Getting a UK bank account

When Andy and I first visited London back in April, we were told that we’d need to open bank accounts to do pretty much everything. We couldn’t open them then but were finally able to now so I’ll explain what the process was like.

First, the main banks here are Barclays, NatWest and HSBC. There are others, of course, but those are the ones you’ll find branches for in almost every neighborhood you visit. Andy and I chose Barclays – well, really Andy chose Barclays and I trust him so went along with what he thought best 😀 I should mention though that Barclays has a working partnership with Bank of America so you can withdraw money from BOA at a Barclays cash machine (ATM) without incurring fees so that might have been what drove his decision to go with Barclays (I don’t know, I’m just here for the ride…).

Since my only experience with opening a bank account in the UK is through Barclays, please note that I’m generalizing/assuming as I can’t verify that this process is that same for other banks.

The first thing you should know is that you need to make an appointment to open a bank account. Yes, I know. I too was all like wtf??

Andy and I knew this but didn’t make an appointment (cause we’re rebels!) and instead walked into the bank at the middle of the day on a random weekday. Thankfully, the branch we visited wasn’t busy and they were able to get two customer service associates to help us set up our accounts separately. They will tell you that it’ll take about 1.5 hours to open an account. It took us less than an hour – and that was inclusive of chit chatting with the associates.

To open our accounts, we needed:

  1. Proof of identity (we used our passports)
  2. A UK mailing address (we used the address of our temporary flat/apartment

And that was it.

The associates sat us down, took down basic info (name, address, occupation, salary, etc etc) and opened our accounts for us. My associate was even nice enough to show me how to switch my App Store info to show I’m now living in the UK so that I can download the Barclays app and do mobile banking (a US address won’t allow you to see/download UK apps).

Then, the mail began. The rest of the process is very different from opening an account in the States. What Barclays does is that it mails you a pin code. That is the code you’ll need to withdraw money at a cash machine and/or use your card to make purchases. In addition, it sends you ANOTHER passcode which you’ll need to enter online to do online banking. You can, of course, change these codes later on but you do need them initially to access the cash machine and to bank online. For the online banking, in addition to the passcode, you also need to set up a memorable word. The memorable word is meant to be something that only you would know. Well, I got so crafty coming up with my memorable word that I forgot it…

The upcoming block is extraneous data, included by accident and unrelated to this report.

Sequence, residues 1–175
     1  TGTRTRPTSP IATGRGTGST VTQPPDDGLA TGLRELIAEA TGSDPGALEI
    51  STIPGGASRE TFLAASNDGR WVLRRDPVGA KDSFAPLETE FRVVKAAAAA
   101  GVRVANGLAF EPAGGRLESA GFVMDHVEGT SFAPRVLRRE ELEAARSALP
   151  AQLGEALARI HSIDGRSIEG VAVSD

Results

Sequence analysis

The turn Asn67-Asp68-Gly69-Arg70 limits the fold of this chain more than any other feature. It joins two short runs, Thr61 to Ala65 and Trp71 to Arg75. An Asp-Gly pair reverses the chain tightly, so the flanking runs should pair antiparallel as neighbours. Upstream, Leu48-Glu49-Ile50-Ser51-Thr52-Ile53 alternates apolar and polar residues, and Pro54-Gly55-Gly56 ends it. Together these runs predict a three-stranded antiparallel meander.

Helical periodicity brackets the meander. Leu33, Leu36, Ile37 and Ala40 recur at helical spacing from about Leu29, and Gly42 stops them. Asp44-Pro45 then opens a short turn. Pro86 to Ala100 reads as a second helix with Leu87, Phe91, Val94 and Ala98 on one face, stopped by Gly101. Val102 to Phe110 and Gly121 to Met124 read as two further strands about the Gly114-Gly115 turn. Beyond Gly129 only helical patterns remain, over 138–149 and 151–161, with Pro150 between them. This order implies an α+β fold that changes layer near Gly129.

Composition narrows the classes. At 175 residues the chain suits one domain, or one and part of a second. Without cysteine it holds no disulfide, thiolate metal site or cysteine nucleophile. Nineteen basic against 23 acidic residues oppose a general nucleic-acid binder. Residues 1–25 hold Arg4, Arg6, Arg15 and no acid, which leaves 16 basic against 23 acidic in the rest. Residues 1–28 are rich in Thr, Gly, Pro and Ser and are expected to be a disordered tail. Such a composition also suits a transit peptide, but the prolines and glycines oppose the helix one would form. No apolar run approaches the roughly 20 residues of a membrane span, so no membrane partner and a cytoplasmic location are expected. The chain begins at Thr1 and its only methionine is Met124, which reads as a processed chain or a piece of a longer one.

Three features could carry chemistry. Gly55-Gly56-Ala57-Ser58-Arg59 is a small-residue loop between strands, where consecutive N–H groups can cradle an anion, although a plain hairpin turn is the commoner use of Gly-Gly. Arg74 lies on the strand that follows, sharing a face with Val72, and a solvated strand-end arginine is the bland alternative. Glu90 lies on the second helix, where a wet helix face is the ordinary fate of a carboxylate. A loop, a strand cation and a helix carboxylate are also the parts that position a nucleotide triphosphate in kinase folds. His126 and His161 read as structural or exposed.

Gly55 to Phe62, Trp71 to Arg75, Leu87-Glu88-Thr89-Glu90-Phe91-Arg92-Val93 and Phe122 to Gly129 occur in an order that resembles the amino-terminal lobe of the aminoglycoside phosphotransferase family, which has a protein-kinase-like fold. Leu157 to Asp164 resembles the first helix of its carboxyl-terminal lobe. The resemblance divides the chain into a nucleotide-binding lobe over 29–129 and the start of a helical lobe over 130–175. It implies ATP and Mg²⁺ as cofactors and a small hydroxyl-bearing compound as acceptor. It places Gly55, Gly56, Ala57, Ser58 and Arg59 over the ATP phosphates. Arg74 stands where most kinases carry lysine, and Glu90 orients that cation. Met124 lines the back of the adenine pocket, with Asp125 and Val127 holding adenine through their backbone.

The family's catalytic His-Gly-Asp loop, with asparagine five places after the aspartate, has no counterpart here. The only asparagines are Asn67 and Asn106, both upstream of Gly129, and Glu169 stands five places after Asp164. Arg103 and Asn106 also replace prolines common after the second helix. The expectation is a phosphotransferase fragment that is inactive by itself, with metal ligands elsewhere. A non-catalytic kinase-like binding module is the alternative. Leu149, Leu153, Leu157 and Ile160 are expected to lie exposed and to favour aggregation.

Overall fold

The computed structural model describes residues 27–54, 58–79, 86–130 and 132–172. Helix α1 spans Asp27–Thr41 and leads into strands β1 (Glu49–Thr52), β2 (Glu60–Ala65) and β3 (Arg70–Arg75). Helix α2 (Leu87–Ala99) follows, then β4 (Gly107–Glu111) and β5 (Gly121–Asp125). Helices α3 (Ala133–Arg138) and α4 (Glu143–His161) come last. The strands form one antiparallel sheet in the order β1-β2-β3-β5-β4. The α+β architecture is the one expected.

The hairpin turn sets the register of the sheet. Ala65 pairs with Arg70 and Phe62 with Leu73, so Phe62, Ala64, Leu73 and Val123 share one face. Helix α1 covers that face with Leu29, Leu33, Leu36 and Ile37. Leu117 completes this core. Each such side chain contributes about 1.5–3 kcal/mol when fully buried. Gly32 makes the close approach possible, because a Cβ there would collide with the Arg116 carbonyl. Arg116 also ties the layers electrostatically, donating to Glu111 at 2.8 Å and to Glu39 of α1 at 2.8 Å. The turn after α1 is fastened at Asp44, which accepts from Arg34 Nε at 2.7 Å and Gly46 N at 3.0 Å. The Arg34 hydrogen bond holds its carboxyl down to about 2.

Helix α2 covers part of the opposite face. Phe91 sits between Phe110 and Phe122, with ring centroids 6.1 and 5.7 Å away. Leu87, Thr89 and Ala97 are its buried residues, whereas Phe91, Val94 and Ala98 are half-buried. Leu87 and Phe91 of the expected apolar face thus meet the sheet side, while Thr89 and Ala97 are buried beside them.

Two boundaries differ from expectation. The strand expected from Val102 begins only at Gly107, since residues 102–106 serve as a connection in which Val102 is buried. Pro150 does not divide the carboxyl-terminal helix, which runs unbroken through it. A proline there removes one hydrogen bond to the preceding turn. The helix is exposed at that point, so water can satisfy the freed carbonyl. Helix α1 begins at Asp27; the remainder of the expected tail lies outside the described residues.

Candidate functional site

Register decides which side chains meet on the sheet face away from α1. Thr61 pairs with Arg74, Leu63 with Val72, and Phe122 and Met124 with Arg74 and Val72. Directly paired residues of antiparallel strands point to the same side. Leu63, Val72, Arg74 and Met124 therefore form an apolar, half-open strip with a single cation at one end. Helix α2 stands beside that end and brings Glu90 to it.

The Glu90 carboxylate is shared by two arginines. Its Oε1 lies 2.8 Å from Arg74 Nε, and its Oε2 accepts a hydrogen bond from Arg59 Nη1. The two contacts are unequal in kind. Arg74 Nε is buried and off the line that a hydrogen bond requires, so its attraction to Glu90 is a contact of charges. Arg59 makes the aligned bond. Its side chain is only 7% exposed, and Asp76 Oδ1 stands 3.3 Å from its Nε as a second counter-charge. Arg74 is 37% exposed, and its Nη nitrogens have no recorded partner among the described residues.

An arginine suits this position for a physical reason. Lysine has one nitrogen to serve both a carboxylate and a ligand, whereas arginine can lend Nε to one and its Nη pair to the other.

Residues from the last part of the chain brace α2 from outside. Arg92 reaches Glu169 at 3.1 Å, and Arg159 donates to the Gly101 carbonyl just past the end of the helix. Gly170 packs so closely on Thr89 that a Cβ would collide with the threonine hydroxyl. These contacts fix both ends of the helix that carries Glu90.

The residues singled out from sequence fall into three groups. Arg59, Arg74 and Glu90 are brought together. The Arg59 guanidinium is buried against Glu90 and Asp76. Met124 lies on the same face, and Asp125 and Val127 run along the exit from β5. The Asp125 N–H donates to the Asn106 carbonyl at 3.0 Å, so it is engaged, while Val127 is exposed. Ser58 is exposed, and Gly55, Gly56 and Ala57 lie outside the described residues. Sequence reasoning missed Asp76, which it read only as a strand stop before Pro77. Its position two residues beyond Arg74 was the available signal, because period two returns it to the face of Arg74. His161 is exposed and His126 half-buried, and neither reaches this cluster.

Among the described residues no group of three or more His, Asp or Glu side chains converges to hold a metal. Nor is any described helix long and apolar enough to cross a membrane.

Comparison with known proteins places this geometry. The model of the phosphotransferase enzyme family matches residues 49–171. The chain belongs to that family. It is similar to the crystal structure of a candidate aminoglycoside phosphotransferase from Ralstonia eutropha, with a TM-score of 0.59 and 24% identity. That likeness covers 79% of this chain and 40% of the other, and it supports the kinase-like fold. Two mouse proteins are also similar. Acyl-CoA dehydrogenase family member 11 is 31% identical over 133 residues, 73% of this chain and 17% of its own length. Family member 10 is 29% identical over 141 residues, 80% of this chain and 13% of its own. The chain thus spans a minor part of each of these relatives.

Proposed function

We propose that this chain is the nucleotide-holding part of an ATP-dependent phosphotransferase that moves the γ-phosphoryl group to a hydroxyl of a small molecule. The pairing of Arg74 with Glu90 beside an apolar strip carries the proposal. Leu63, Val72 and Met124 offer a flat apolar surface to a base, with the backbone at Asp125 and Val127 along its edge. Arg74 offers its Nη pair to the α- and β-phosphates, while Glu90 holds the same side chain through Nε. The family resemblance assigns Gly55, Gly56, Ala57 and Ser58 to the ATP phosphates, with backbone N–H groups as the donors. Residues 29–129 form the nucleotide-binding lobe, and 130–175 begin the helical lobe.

SO…. Barclays had to re-send me an online banking pin for me to log in. This meant that I had to wait several days to get the damn pin before I could do any online banking. The wait wasn’t so bad though because I didn’t have any money in the account anyway so it was fine.

After getting the second code and being much smarter about my memorable word, I can now online bank and manage my funds online. Barclays also sends me periodic texts to let me know my balance which I find useful and might prove useful to those who can’t/don’t online bank.

One last thing to mention is that the debit cards here are “chip and pin”. Back in the States, we have “swipe” cards – meaning that we have to swipe them into the machine and either enter the pin or sign. In the UK (and the rest of the world I think) they have chip and pin cards. They require you to enter your card into the machine, enter your pin and be done with it. It’s sounds similar but it’s actually way easier to use and makes you feel more like you’re from here and less like a tourist.

And that was the process. Relatively simple but time consuming if you, like me, forget your memorable word. It’s a super secure system they have here so it’s actually worth the time. Oh and make note, cashiers here are VERY good about making sure the back of your cards are signed so make sure you sign the card and sign a similar signature on your receipt or they WILL question you.

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